Claire Denis, France, 2013, 100 minutes
Claire Denis is the sort of director who thinks that the consequences and traces of awful actions are at least as cinematic as the acts themselves, and Bastards makes compelling evidence for that case. This post-neo-noir goes to a grim place, but does so in a way that never descends into torture-porn or indeed porn-porn (notwithstanding one sex scene and an abuse scene that somehow manages simultaneously to be coldly graphic yet circumspect). If you’ve ever seen Denis speak you know that you can feel her integrity from across a room—if there’s anyone I would trust to handle this material, it’s her.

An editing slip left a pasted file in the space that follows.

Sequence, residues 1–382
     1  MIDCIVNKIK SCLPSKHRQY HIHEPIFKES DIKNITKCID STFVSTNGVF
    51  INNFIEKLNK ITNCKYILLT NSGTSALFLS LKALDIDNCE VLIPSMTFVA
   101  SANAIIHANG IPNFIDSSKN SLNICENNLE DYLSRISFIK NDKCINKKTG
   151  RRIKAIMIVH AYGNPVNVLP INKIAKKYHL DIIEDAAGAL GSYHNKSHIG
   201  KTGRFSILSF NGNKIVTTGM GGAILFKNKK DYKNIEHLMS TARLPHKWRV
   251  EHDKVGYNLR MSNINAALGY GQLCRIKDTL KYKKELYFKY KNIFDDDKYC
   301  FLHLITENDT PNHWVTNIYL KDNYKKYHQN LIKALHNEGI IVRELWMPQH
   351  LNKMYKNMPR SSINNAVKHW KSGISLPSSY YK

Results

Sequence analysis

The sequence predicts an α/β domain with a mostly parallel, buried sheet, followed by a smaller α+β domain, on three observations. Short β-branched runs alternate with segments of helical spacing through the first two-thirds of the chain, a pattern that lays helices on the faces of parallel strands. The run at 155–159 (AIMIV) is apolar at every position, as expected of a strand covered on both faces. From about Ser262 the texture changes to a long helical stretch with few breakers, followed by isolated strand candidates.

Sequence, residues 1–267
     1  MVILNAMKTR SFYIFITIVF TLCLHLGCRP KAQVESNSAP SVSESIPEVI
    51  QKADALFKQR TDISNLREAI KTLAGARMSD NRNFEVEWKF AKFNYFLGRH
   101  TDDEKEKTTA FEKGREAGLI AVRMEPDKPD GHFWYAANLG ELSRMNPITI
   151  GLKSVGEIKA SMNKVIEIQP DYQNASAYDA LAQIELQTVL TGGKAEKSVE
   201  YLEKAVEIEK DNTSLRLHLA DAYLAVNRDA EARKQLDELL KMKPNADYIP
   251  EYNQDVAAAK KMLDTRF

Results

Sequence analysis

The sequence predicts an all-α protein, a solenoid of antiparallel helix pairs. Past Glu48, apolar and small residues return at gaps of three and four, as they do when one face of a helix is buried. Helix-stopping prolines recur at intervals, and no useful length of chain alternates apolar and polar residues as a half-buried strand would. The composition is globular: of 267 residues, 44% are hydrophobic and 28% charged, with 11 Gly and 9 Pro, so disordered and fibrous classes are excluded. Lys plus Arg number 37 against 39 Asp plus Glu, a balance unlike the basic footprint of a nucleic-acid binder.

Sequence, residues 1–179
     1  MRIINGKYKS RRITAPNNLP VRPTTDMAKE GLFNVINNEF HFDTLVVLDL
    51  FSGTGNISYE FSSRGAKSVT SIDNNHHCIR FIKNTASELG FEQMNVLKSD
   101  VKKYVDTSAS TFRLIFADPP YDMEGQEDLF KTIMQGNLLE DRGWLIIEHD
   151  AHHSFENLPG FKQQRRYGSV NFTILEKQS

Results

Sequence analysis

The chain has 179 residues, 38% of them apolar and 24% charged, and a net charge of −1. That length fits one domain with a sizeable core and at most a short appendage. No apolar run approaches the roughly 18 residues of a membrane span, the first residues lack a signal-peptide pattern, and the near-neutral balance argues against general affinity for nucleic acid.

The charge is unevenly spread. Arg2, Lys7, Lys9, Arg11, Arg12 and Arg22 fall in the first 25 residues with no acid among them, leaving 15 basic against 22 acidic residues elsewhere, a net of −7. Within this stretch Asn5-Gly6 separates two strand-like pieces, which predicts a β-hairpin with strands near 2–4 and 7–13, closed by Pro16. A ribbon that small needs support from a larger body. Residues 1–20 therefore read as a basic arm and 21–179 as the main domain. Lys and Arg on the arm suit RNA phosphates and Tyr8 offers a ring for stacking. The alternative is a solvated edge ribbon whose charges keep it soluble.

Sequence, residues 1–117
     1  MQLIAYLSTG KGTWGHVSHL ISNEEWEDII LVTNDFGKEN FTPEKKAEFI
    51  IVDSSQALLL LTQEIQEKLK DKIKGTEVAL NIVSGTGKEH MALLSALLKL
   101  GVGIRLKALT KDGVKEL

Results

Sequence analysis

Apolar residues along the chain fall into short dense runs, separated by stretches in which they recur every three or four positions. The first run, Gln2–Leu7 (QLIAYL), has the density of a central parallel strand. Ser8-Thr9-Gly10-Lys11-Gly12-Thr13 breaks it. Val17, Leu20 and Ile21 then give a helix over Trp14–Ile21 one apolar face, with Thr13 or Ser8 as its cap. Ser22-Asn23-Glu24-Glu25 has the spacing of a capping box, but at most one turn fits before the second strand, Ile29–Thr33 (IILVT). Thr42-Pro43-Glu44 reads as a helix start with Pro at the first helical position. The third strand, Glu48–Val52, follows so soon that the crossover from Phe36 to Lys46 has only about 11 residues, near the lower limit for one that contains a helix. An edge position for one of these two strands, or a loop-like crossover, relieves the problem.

Some abrupt edits and minimal explanation make for some confusing moments (in my case I had a little trouble at first telling the protagonist’s sister and lover apart—so that was awkward). It’s true that more than a few have found this a frustrating watch. There’s no handholding of the viewer, but the final ten minutes or so are abundantly clear, even if you haven’t followed all of the twists along the way. I don’t mind admitting that it took a second viewing for me to fit all of the pieces together, but doing so didn’t substantially shift the film’s meaning—it just made me admire it all the more.